Now For Something Exotic
For a change of pace, I thought I’d post something unrelated to the land. In addition to looking for land, I’ve been compiling ideas for the house for months (years). After looking online for so long, we’ve finally went out and started looking at stuff in person over the past couple weeks. I also ordered some flooring samples which we received today.
Because of our dogs, we have pretty tough requirements for flooring. We put Pergo laminate floors in our previous house which was fine for that house, but not something we’d want in the new house. Our current house has Red Oak floors which is pretty standard for newer houses around here. Personally, I can’t stand anything oak, but we didn’t have much of a choice. (I will say that I’ll take oak over carpet any day). As expected, the dogs have done a number on the floors in 4 years. We have a 180 lb Mastiff and 100 lb Lab, so anytime they get up or try to stop moving, they scratch the floor. Fortunately, the finish has held up so the scratches are just indentations, not scratches into the bare wood.
Ideally I’d like to have hard floors throughout the whole house. We all have allergies and carpet doesn’t help matters. Despite any disadvantages with hard floors, at least when you clean them, you know they are clean. We will end up with a mix of tile and hardwood. For initial cost reasons, we may put carpet in the upstairs with the intention of replacing it with wood in a few years. Any hardwood needs to be significantly harder than our current Red Oak.
Based on a lot of research, I ordered 7 samples from BR-111. BR-111 is a flooring manufacturer that has an excellent selection of exotic woods. Exotic woods tend to be the hardest which is why they are at the top of my list. I’m not sure that any of these are the exact flooring we will use, but it’s a good starting point. I ordered 7 samples, but only received 6. The missing sample is a Bamboo so the smallest sample in the pictures below is a Bamboo that we picked up at Home Depot instead. I took several pictures of them in different lights to try to show the color and grain.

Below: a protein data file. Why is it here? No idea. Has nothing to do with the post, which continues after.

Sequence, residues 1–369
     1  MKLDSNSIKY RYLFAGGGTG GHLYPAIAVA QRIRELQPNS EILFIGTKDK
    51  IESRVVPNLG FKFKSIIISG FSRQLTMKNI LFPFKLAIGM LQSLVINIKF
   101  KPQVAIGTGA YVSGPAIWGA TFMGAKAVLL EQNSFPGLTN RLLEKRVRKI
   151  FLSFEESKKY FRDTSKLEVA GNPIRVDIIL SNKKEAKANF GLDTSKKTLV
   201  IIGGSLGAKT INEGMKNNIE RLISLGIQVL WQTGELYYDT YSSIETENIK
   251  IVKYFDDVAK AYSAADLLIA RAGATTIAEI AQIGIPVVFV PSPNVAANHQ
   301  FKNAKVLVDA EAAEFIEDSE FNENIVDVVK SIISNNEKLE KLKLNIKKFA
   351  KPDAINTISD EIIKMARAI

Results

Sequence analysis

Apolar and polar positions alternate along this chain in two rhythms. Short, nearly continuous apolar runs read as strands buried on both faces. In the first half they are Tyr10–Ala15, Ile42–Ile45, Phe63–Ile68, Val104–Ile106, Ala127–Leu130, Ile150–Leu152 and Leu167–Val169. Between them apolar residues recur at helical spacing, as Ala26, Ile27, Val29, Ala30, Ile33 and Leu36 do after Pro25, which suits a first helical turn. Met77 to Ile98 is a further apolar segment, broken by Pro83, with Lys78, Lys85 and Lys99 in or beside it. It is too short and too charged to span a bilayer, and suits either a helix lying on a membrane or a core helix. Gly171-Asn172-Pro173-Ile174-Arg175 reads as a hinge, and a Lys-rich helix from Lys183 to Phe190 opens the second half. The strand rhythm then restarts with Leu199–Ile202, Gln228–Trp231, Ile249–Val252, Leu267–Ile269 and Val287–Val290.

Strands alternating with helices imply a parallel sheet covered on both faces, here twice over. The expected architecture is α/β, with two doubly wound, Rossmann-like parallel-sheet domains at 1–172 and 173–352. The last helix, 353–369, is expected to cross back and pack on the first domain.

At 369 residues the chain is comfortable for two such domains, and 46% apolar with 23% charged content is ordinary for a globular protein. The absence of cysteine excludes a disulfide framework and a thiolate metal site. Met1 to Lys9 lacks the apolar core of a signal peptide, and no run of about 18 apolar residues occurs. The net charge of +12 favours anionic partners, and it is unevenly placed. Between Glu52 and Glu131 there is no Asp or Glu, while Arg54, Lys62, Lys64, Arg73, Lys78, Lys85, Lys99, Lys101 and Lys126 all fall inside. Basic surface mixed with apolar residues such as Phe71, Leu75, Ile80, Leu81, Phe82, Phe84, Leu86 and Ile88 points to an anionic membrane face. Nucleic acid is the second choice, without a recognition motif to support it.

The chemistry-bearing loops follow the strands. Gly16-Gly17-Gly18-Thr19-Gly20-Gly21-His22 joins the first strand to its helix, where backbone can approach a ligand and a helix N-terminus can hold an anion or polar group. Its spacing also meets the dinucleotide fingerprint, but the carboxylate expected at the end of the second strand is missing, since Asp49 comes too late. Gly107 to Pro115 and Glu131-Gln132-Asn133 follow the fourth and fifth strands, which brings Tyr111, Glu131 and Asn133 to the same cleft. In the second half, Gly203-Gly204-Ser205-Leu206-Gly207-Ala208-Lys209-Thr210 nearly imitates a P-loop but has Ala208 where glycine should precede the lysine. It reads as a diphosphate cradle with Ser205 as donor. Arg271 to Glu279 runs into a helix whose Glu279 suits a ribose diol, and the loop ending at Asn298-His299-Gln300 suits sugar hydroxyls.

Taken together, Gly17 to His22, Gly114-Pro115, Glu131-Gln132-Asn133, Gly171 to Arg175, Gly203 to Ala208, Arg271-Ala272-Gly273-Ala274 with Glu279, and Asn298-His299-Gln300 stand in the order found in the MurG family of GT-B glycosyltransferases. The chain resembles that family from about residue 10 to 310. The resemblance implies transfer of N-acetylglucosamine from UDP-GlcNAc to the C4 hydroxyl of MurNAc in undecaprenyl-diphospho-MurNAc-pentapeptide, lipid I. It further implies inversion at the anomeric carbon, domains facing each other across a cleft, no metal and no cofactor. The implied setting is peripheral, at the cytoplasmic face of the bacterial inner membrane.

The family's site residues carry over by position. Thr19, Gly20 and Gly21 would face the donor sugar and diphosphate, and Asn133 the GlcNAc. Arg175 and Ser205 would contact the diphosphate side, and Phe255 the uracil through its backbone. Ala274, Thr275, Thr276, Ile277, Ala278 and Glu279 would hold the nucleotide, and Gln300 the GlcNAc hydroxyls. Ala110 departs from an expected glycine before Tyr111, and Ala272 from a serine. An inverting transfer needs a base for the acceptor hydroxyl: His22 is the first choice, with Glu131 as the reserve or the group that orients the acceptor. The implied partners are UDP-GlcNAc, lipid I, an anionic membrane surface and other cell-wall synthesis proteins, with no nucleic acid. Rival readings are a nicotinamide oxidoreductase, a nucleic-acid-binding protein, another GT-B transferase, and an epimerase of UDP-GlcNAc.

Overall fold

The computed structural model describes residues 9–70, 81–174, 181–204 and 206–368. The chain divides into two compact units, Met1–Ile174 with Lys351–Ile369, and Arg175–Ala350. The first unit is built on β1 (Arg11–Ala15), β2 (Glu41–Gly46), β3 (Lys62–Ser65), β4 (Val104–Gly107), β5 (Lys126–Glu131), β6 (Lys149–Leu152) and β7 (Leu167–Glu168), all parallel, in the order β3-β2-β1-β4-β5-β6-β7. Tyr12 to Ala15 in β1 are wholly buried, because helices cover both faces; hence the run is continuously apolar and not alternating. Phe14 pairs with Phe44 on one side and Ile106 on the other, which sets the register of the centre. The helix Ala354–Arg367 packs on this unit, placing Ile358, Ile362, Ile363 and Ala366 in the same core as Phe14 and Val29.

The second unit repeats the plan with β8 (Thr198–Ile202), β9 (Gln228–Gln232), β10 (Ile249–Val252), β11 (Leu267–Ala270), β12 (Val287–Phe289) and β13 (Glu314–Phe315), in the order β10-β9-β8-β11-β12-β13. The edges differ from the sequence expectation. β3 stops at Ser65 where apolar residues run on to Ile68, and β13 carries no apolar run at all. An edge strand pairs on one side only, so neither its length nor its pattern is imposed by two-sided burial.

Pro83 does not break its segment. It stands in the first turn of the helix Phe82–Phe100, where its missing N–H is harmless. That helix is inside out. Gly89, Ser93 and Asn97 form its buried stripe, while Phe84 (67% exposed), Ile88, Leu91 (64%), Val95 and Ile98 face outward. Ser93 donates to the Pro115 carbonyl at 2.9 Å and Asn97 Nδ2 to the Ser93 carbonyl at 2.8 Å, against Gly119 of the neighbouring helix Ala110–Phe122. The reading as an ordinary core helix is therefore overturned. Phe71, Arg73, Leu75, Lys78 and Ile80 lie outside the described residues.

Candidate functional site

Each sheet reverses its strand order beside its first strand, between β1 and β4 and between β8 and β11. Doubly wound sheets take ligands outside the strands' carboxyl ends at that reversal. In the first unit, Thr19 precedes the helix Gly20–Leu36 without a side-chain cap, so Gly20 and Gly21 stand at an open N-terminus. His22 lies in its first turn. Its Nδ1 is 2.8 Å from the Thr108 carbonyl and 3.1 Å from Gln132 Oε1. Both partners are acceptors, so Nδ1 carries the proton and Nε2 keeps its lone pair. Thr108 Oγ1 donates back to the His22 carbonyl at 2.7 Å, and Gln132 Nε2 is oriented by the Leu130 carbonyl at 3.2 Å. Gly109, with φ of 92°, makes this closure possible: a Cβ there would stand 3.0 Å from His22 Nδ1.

The first 2 pictures are in full sun on our driveway. From left to right, Angico (Vermelho), Brazilian Walnut (Ipe/Lapacho), Brazilian Teak (Cumaru), Tiete Chestnut (Sucupira), Malbec Walnut (Lapacho), Afzelia, Woven Espresso Bamboo (bottom).
Here they are in our dining room in less light. This also shows them against our Red Oak floors which have a butterscotch or gunstock finish. Left to right, Woven Espresso Bamboo, Angico (Vermelho), Brazilian Walnut (Ipe/Lapacho), Brazilian Teak (Cumaru), Tiete Chestnut (Sucupira), Malbec Walnut (Lapacho), Afzelia.
Here are close-ups and details about each one. First is the Espresso Bamboo. There are 2 types of Bamboo flooring – regular and woven/strand. Woven or strand Bamboo is significantly harder than regular because it is bamboo fibers that are compressed and glued together. The piece below is woven which you can see in the edge shot. We really like the grain of bamboo, but I’m not sure if it’s quite as hard as we need. I love the finish on the sample below, but I’m afraid it would always look dirty because it is so dark and uniform. I’m interested in comparing it to the other sample I haven’t received yet.
This sample is Angico (Vermelho). On the Janka Hardness Test chart, Angico is the hardest wood. Unfortunately, I realized after I got it that this is not the same Angico. This Angico is closer to Brazilian Cherry. That explains why it is redder than I was imagining. This is quite a bit softer than the Angico I was wanting, but it’s still quite a bit harder than Red Oak. This is probably our favorite of the samples though. The grain and color is beautiful and the finish is like silk. I’m not crazy about something this pink/red, but I think it would darken to a more brownish shade. I’d like to see the other Angico to see how it compares.